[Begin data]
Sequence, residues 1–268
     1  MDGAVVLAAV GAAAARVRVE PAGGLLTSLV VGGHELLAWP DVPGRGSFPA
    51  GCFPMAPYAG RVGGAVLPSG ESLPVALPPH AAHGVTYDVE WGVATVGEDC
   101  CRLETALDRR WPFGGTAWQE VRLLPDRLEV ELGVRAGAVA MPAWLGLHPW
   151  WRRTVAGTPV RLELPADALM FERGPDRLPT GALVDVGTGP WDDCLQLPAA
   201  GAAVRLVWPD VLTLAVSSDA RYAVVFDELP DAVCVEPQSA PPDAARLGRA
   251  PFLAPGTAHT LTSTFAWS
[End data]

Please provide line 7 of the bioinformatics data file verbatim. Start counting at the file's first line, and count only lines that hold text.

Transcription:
   251  PFLAPGTAHT LTSTFAWS